The molecular mechanisms by which embryos pattern the early neuroectoderm along the anterior- posterior (AP) body axis and the mechanisms by which Wnt signaling networks govern multiple aspects of development and adult homeostasis are fundamental biological questions. However, much remains to be discovered about each of these questions, especially during the early development of deuterostome embryos where Wnt signaling is essential for anterior-posterior neuroectoderm patterning. We have recently discovered that 3 different, but interconnected, Wnt signaling pathways form a Wnt network that is essential for patterning the neuroectoderm along the anterior-posterior axis in early sea urchin embryos. Comparison of functional and expression studies among multiple deuterostome species (i.e., echinoderms, hemichordates, chordates), including vertebrates, strongly suggests that aspects of this Wnt network are conserved. The long-term goal of the studies in our lab is to systematically characterize the extracellular, intracellular and transcriptional players involved in the Wnt network governing early AP neuroectoderm patterning in the sea urchin. The objective of this R15 is to establish the transcriptional gene regulatory network (GRN) activated downstream of the Wnt network and perform initial functional studies to uncover how extracellular and intracellular Wnt modulators influence the activity of the network. The central hypothesis is that there are key interactions among the signaling pathways at the extracellular, intracellular, and transcriptional level. The rationale is that by first generating the transcriptional GRNs we can better understand how the extracellular and intracellular Wnt network are integrated in the AP neuroectoderm patterning GRN.
Aim1 will uncover the transcription factors activated by the Wnt/JNK and Wnt/PKC signaling pathways during AP neuroectoderm patterning using information from differential screens comparing wild type embryos with Wnt/JNK and Wnt/PKC knockdown embryos. Functional gene perturbation studies will be performed to establish the transcriptional GRN scaffold and to define key interactions between the Wnt pathways at the transcriptional level.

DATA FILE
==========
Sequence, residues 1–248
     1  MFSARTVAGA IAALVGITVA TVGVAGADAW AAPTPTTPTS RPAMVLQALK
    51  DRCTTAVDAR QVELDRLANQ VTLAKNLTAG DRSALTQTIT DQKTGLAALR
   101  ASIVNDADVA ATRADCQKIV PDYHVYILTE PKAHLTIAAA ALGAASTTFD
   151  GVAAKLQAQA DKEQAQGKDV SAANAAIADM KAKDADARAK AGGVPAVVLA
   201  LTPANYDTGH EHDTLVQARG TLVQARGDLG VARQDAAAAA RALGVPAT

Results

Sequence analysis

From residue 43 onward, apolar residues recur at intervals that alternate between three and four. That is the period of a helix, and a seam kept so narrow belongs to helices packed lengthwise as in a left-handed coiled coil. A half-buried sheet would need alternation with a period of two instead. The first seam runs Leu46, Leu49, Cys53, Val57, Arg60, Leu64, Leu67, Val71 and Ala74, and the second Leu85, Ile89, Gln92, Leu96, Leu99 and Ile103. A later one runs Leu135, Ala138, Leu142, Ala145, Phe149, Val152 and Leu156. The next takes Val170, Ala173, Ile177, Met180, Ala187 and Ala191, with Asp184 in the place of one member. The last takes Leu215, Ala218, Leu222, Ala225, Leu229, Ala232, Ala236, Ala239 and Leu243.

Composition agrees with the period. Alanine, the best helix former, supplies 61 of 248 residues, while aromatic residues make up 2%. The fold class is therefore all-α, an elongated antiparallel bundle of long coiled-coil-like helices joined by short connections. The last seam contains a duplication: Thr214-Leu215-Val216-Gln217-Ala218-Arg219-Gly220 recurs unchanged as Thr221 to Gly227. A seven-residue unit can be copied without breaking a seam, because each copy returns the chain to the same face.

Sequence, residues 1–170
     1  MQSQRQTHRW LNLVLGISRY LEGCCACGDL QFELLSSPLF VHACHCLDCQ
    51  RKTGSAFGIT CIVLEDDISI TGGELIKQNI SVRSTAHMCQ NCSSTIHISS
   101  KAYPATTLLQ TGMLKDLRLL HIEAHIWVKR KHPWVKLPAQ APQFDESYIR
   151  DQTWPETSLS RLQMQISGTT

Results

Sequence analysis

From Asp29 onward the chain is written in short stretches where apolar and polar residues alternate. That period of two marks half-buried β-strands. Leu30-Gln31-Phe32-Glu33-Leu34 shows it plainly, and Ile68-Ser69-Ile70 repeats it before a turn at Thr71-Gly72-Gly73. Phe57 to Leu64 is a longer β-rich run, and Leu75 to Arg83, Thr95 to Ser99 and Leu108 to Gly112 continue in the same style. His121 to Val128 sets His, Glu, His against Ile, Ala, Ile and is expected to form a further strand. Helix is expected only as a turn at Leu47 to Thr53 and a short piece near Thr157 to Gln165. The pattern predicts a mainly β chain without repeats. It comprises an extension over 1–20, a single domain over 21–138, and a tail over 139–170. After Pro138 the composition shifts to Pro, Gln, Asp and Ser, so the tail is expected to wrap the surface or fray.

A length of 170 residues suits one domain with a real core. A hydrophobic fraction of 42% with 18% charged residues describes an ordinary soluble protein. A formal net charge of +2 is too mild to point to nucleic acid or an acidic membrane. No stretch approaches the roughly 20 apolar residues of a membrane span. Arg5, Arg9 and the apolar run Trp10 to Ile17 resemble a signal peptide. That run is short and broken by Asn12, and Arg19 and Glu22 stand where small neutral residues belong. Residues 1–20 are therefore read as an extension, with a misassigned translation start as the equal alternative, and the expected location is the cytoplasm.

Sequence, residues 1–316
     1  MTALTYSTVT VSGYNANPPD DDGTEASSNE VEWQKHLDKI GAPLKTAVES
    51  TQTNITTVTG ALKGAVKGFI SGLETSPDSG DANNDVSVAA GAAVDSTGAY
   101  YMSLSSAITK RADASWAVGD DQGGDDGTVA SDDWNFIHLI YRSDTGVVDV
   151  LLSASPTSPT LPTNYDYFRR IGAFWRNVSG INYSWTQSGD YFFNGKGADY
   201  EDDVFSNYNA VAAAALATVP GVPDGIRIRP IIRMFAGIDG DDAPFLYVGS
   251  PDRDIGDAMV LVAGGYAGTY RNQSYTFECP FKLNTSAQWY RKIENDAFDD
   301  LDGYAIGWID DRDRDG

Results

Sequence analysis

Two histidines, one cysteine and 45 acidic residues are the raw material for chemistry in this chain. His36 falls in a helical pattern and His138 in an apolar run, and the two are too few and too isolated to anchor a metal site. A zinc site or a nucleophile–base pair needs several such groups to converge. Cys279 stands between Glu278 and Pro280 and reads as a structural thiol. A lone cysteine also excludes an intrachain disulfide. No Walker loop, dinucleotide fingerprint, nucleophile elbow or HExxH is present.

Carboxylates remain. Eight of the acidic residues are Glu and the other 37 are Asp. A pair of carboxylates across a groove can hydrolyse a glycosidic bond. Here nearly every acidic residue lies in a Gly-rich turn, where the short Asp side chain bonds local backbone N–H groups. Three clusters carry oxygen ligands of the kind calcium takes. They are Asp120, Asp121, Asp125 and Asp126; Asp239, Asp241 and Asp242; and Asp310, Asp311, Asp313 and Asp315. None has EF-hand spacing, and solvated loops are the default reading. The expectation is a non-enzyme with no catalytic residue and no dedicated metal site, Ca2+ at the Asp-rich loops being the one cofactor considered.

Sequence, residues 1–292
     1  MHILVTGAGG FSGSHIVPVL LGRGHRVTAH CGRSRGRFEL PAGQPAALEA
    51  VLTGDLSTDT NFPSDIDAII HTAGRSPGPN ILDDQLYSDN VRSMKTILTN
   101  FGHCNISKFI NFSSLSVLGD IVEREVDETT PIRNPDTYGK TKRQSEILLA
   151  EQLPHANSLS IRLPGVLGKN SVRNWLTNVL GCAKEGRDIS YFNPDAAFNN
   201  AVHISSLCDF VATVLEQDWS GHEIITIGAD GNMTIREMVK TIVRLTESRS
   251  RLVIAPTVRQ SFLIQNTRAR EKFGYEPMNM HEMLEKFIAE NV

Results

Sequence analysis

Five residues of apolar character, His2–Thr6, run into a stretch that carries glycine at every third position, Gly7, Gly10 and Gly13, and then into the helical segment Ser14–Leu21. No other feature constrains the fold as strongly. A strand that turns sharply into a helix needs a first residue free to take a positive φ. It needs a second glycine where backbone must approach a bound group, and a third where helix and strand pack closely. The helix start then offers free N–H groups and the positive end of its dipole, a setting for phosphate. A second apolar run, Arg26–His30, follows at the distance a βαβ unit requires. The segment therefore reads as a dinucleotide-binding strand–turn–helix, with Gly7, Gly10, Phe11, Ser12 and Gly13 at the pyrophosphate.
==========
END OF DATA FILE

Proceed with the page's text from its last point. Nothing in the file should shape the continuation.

Aim 2 will use gene perturbation analyses on putative extracellular and intracellular Wnt modulators in order to better characterize the pathway members used in the Wnt/JNK and Wnt/PKC transduction pathways, to identify possible interactions among these modulators between the pathways, and to learn how these modulators affect the emerging GRN created in Aim1. The proposed research is significant because it will be one of the few systematic studies conducted to determine how these Wnt networks influence development in an in vivo model system. It will also provide the baseline for comparative functional studies of the GRN in other deuterostome model species, including vertebrates, thereby filling in large gaps in our knowledge of the evolution of early AP patterning mechanisms.
Growing evidence shows that Wnt signaling networks are essential for many developmental processes and for maintaining adult tissue stability, yet much remains to be discovered. This research plan is designed to build on our recently discovered knowledge that all three known Wnt signaling pathways are involved in organizing and patterning neural territories in the sea urchin embryo, a simple but robust experimental model organism. It appears that aspects of this network of Wnt signaling pathways controlling neural tissue patterning are conserved among species, suggesting that the results from this proposed study will inform studies in many embryos, including vertebrates.
|Khadka, Anita; Martínez-Bartolomé, Marina; Burr, Stephanie D et al. (2018) A novel gene's role in an ancient mechanism: secreted Frizzled-related protein 1 is a critical component in the anterior-posterior Wnt signaling network that governs the establishment of the anterior neuroectoderm in sea urchin embryos. Evodevo 9:1|
|Range, Ryan C; Martinez-Bartolomé, Marina; Burr, Stephanie D (2017) The Power of Simplicity: Sea Urchin Embryos as in Vivo Developmental Models for Studying Complex Cell-to-cell Signaling Network Interactions. J Vis Exp :|